Council Must Stop Executive Session Leaks

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There was an alarming revelation made at the May 19 pre-council meeting that has serious implications for city employees, residents and taxpayers.

I have written in the past of the city council’s “executive session” privileges—that such a power could potentially be used to discuss improper topics when all members are sworn to secrecy.

However, this danger could be eclipsed should sensitive information be wrongfully divulged by individuals with such privileges.

State law describes several instances in which a public body may vote to enter executive session. This includes matters which could endanger public safety if disclosed; the identity of a law enforcement agent or informer; pending investigations, collective negotiations, and lawsuits; and private information about a particular person such as an employee, or a corporation; among others.

The potential for harmful disclosure is not hard to imagine. In fact, I recently learned that a personnel matter that was disclosed to me by Councilman Efraim Spagnoletti earlier this year was not public information, but in fact executive session deliberation. This is among several other known executive session leaks that have occurred since January 2014. In full disclosure, I also recently learned confidential information about my father’s passing was improperly divulged that same month.

When Councilman Spagnoletti told Robert Germino and I about his now-debunked witness to a supposed executive session conspiracy, we couldn’t understand why he remained silent. We asked Councilman Gallo about it as well. They both deflected to fear of a lawsuit due to violation of the executive session oath of secrecy.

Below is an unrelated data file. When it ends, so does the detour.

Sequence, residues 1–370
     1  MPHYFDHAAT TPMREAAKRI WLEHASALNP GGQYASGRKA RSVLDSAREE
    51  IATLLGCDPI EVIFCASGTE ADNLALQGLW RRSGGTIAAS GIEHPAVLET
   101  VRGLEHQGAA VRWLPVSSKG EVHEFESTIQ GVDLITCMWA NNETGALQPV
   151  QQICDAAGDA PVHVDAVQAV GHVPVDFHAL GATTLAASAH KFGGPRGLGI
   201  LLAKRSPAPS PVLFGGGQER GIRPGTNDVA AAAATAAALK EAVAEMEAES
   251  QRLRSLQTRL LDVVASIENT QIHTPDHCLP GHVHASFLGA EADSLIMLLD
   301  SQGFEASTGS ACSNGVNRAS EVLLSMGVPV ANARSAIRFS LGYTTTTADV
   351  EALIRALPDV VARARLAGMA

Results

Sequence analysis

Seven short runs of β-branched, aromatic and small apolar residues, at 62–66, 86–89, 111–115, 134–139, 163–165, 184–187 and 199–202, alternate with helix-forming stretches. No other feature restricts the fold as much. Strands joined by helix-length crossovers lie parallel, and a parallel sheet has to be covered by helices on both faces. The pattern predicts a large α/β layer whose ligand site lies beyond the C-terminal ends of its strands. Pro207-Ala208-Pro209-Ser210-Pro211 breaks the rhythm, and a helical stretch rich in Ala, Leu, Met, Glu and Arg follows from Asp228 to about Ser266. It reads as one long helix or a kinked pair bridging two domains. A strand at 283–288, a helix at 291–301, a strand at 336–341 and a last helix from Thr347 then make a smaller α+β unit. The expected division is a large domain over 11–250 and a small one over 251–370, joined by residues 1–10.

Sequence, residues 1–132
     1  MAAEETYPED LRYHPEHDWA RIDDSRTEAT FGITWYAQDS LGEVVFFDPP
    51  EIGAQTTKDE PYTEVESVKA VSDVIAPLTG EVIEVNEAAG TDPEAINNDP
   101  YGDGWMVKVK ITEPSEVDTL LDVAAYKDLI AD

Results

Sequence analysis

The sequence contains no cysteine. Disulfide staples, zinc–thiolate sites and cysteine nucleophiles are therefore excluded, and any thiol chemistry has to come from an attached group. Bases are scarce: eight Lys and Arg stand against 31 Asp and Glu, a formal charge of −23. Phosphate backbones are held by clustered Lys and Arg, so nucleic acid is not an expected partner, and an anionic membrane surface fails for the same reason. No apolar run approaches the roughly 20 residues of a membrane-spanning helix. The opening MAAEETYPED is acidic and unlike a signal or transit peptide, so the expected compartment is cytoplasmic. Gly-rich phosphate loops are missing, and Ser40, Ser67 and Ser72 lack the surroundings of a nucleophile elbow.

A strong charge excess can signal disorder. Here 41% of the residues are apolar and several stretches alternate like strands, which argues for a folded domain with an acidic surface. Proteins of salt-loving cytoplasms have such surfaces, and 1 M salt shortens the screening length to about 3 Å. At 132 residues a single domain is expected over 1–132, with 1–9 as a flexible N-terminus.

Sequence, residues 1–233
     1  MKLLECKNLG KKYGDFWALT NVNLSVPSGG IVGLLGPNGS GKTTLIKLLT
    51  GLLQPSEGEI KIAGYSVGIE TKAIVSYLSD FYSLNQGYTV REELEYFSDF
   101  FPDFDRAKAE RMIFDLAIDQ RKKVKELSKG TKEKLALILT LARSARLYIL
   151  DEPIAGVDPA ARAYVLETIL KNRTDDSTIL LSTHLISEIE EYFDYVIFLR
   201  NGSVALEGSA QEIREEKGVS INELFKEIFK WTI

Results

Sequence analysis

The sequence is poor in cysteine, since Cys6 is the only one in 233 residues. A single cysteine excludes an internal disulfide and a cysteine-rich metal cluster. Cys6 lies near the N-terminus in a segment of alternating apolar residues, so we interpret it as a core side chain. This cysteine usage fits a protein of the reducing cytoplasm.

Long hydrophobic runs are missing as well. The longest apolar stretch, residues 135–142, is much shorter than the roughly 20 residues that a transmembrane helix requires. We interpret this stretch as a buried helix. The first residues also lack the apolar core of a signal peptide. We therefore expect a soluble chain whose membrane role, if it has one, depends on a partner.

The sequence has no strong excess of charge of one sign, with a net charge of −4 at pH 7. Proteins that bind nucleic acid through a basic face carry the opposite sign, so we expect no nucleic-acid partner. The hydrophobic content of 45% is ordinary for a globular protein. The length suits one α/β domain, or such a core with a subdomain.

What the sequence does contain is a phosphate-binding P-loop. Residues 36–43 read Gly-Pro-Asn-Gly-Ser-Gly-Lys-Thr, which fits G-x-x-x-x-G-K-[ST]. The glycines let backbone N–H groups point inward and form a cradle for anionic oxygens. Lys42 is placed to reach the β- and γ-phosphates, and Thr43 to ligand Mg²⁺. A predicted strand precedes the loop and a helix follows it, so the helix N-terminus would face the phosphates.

But what was suggested at the May 19 pre-council meeting however, is that other and future violators of the oath of secrecy have nothing to fear. When Councilman Joseph Capobianco asked our city attorney what the ramifications are for violating executive session privileges, the answer he received was quite a shocker: “there is no remedy.”

Capobianco posed the obvious rhetorical question: “why even have executive session?” City Attorney McQuair prudently shot it down, though suggested the Council fill an Ethics Board. In the meantime, he said, “I would recommend that [members] honor executive session.”

I must note that McQuair did, on another topic, use language similar to Article II, Section 6 of the Glen Cove City Charter, when he noted that “the city council shall be the judge of the qualifications of its members.” Paragraph B of that section reads that a board may vote by a four person majority to remove a member due to “conduct constituting removal.” While it was said that there is no codified remedy, I suggest this is one.

To be clear, neither the Spinello administration, McQuair, nor a majority of the council are responsible for this crisis, but they are in charge. As long as there are no ramifications for violating executive session privileges, I fear what could be divulged because as James Madison wrote, we don’t always have angels in government.

—Michael Bruschini

Editor’s Note: The author is a member of the Glen Cove Charter Commission and Glen Cove Republican Committee. Opinions expressed are his own.

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